Where to find construction workers

Looking for a good contractor can feel like searching for a needle in a haystack. And construction workers are often in short supply. If you are a small or mid-sized business and you’re managing a building project, you might need some pointers on the best places to find skilled construction workers who can produce high-quality work, on time and on budget.

Where to find construction workers

Referrals

Sourcing referrals from companies and colleagues you trust is a great way to start because those construction workers bring a proven track record and decent references. Gradually building a recruiting pipeline based on references before your project is even due to start ensures you’ll have a pool to draw from when you’re ready to begin work.

Workers you’ve already hired can also refer you to more colleagues in their own networks. You can encourage them to provide referrals by offering an incentive for successful hires, such as a bonus. Keeping a running list of contacts prevents a potential shortage once project deadlines are established and you’re due to start.

construction-workers

Former employees

Keeping contacts warm with construction workers you hired for previous jobs is another effective way to build out your recruiting pipeline. Those professionals may need work again and might think of you, especially if they had a positive experience working for you in the past. And even if they have moved on and no longer need a job, they may be willing to put in a good word about your company with friends and family and help you recruit other workers.

Job boards

Specialized job boards are a great place to post your project and locate highly skilled construction workers. These websites feature niche jobs and attract professionals who have experience in a particular industry, construction specialty, or region. They connect businesses with workers and provide a platform for posting jobs. 

Since the boards are very specialized, they attract experienced construction workers with more impressive backgrounds than you might find on general job boards. 

Construction manager talking to architects in building

Flyers and bulletins

Some good old-fashioned flyers and postings on physical boards reach a wider pool and are great tools for reaching somewhat less-experienced workers or any worker in a smaller market. For example, you might need to quickly hire a support crew to assist a more skilled core of professionals on a project for several weeks. Or perhaps you’re looking for workers to paint, do basic construction, brick-laying, or other entry-level labor.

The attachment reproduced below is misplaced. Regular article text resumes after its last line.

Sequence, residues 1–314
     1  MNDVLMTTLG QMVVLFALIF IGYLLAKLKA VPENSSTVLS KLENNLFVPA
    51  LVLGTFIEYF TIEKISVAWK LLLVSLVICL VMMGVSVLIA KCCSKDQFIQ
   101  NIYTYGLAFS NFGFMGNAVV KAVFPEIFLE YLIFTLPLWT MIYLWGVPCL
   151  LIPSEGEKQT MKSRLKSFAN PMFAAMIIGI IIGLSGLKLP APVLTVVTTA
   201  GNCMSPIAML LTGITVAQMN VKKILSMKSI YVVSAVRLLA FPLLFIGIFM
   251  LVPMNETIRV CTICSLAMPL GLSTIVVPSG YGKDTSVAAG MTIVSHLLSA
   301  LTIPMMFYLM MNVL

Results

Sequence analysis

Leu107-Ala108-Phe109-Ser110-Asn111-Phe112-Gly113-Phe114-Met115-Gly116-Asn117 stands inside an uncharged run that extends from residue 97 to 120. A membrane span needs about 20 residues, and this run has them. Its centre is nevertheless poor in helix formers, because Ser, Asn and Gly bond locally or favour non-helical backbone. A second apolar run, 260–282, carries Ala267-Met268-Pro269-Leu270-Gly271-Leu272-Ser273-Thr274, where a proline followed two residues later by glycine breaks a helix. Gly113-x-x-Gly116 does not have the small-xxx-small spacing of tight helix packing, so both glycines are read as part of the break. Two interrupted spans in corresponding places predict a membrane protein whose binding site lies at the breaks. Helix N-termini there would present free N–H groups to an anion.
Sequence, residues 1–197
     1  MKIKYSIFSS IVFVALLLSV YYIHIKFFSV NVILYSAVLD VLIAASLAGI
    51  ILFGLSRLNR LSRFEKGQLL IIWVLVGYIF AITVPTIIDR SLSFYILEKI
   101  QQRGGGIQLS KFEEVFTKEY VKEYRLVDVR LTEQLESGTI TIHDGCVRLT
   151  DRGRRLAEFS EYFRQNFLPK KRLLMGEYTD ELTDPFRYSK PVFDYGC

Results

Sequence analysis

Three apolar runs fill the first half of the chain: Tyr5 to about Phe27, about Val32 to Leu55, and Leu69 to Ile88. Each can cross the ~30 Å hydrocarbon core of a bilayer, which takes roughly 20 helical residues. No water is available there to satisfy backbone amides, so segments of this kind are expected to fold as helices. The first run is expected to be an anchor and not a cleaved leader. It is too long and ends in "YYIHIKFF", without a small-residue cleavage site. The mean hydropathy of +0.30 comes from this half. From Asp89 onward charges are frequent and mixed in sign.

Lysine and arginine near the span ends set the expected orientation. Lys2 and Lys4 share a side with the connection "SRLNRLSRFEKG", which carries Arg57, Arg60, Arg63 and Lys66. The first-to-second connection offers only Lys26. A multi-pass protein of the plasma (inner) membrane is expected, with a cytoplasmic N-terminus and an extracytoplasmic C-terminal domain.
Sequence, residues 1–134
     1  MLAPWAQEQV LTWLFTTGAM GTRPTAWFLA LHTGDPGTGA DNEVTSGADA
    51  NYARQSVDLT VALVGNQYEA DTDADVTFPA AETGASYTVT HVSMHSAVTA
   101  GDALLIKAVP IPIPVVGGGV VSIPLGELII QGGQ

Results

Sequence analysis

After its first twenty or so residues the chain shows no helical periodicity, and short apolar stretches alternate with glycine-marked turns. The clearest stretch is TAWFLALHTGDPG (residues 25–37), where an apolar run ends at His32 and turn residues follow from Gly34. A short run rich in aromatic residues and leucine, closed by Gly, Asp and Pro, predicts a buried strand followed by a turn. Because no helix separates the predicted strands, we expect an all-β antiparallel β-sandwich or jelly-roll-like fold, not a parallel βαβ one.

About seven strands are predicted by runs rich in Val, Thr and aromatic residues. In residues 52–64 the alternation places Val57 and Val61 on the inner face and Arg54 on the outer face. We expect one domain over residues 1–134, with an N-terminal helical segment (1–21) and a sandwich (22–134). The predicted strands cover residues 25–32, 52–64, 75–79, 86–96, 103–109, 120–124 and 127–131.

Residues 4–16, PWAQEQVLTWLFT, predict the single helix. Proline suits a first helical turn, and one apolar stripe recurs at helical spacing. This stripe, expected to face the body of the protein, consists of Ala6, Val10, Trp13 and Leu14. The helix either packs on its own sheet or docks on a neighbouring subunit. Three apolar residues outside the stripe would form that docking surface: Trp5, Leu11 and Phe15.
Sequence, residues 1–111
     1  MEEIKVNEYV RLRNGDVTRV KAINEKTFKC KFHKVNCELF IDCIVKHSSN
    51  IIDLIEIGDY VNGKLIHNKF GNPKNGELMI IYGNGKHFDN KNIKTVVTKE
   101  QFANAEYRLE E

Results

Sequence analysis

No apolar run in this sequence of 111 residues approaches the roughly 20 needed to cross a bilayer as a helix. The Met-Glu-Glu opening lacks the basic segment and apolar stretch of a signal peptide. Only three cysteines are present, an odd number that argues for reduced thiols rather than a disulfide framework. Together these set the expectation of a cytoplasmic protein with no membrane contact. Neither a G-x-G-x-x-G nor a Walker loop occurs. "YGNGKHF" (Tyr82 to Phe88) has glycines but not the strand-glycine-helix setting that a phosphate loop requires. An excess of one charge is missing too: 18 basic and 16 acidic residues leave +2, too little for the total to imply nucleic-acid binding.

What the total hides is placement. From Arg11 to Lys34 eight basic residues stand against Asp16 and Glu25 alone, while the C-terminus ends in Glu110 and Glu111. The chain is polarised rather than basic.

Colorful, concisely worded flyers can be posted in high-visibility areas in places like home improvement stores, community centers, gyms, job centers, adult education centers, and community colleges.

Temp agencies and recruiters

Rather than start from scratch, put someone to work who already has established connections and knows your industry. Construction recruiters are particularly effective at locating mid- and senior-level construction workers, such as supervisors and project managers. They have their own networks and experience with matching workers with jobs. 

Construction temp agencies are another rich source of workers, whether you need to hire for one project or longer term. These companies can also do the legwork for you. Every day, temp agencies post jobs, review applications, conduct interviews and screenings, and provide overall vetting before suggesting a worker to you. 

Your connections

Share your project needs in daily conversations during the course of business. Circulate your job posting with construction and building trade associations and at industry trade shows. And even ask around informally about successful building projects and who was hired to carry out the job. These conversations can help you identify qualified candidates and steer clear of others.

Subcontractors

You might not already have deep connections in construction or a related industry, so your business could benefit from contracting out to a smaller construction company to do the hiring and managing for you. That approach shifts the hiring and administrative oversight elsewhere, allowing you to focus on your core business. 

This approach might be more expensive than hiring directly, but it saves you the learning curve of trying to locate, hire, and manage workers yourself. 

Schools and job fairs

Trade and vocational schools, community colleges, adult education programs, and career centers host job fairs where you can publicize your project and share information about your company. 

Even if you don’t have an active project starting right now, setting up a booth at a job fair or school professional day markets your business in the community and gets people thinking about opportunities. Pass out flyers and business cards with your website and encourage candidates to check online periodically for any job postings.

There are a variety of avenues for identifying and locating qualified construction workers for your next project. It’s important to keep your network active and keep pitching your company to the public to pave the way when you need a new crew.

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